Government Officials Shrugged Off the Mass Poisoning of Drinkers
Prohibition’s enforcers ignored the furor, and continued to poison industrial alcohol. The resultant deaths continued to pile up. The New York Times archives from 1927 to 1933 contain many headlines about the damage. Not only deaths, but also blindness, hallucinations, and other side effects that sent poisoned drinkers to emergency rooms and left many with permanent damage to their health. June 20th, 1927: Three Die From Alcohol; February 28th, 1929: Alcohol Deaths Show Steady Rise; August 23rd, 1930: Alcohol Deaths Up 300% Since 1920; August 17th, 1932: Dies After Drinking Wood Alcohol. When large scale fatalities occurred, Prohibition agents shrugged it off.
In 1928, over thirty people died from alcohol poisoning in a single incident Manhattan, but US government officials declared that there was nothing they could do. A federal grand jury stated that industrial alcohol is not a beverage, but a recognized poison whose use and sale are regulated by state, not federal laws. As such, state authorities should look into its sale and improper use. As humorist Will Rogers quipped: “Governments used to murder by the bullets only. Now it’s by the quarts“. All in all, an estimated 10,000 people or more died from alcohol poisoning during Prohibition, and many more suffered serious damage to their health. The carnage finally ended with the end of Prohibition, when people regained access to regular booze, and thus no longer had to gamble with denatured industrial alcohol.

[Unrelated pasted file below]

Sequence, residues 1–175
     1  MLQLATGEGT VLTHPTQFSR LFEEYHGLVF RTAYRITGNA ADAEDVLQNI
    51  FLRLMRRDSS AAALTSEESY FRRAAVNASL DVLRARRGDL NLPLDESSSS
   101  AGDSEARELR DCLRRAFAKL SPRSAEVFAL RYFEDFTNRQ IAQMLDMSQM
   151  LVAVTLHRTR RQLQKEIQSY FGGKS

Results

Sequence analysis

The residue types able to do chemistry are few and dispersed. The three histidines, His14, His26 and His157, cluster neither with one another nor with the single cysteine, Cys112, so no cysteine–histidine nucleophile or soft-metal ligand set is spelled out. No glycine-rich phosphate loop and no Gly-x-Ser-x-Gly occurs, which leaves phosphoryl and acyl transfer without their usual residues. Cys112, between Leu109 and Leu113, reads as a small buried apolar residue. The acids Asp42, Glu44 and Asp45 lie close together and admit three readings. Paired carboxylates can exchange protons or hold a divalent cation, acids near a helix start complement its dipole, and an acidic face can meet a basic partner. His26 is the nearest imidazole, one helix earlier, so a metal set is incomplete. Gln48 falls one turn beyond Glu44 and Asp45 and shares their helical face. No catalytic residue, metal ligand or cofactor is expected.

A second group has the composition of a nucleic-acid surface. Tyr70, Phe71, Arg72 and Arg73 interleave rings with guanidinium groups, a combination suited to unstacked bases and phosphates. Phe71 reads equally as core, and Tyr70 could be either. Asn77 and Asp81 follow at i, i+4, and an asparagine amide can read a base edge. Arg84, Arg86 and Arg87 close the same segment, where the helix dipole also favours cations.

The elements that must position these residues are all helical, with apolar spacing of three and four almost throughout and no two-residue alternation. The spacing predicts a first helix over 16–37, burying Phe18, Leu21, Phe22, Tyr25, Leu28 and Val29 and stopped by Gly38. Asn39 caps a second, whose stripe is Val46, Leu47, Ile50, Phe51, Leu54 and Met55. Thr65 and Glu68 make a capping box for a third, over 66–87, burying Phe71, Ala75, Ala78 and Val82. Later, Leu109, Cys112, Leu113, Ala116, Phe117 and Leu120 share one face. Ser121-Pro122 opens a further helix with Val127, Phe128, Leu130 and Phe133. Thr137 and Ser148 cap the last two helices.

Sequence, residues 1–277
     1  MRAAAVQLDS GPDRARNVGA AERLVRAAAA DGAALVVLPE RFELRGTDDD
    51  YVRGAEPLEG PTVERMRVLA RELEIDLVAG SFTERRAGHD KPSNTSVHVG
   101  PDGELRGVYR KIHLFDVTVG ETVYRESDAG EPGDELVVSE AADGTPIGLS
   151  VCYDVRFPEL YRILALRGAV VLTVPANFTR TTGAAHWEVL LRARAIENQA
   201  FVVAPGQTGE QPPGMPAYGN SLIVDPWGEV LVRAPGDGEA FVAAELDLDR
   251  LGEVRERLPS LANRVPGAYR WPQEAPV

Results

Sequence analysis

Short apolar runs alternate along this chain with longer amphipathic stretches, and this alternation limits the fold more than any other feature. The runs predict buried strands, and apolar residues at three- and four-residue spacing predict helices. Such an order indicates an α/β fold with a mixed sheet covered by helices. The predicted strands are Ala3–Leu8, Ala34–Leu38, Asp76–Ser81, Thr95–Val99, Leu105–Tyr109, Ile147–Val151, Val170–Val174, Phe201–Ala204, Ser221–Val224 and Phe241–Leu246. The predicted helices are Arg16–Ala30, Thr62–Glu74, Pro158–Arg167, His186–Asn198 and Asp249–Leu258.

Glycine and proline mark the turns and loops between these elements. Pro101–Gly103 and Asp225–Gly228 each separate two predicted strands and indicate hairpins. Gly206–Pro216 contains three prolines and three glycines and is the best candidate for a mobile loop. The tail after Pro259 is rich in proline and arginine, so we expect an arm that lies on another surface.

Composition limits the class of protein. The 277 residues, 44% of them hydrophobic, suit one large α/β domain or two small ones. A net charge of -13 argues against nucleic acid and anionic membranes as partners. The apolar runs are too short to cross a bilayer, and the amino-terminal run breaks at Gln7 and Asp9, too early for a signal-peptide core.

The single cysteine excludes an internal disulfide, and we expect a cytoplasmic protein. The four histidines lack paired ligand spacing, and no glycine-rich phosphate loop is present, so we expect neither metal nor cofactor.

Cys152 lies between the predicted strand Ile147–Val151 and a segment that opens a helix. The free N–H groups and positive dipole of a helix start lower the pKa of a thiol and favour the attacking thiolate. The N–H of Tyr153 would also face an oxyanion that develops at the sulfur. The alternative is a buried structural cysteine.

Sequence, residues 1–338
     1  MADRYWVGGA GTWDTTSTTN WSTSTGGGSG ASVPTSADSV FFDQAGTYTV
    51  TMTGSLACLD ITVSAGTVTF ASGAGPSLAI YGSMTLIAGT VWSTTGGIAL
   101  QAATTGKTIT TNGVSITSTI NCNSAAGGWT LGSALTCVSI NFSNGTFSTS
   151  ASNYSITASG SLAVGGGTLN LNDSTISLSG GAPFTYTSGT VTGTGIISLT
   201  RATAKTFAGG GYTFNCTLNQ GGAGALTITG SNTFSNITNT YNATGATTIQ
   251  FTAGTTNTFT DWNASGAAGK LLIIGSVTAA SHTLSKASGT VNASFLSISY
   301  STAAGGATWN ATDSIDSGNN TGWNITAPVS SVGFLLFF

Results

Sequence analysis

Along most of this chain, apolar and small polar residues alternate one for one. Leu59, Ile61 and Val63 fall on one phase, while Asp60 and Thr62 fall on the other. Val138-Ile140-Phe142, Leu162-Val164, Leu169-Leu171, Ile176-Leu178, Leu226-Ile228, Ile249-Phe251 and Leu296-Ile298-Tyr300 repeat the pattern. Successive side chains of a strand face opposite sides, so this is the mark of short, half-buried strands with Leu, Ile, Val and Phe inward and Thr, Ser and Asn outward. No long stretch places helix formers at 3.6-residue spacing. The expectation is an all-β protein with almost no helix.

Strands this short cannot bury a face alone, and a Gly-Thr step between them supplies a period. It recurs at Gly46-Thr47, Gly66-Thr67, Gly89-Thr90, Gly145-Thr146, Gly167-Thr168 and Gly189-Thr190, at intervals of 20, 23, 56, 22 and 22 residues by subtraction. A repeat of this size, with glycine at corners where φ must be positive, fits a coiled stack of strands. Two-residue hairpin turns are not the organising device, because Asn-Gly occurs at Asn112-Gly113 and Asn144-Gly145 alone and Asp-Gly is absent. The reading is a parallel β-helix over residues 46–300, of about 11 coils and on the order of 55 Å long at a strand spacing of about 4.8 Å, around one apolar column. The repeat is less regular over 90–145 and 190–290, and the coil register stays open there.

Where Did We Find This Stuff? Some Sources and Further Reading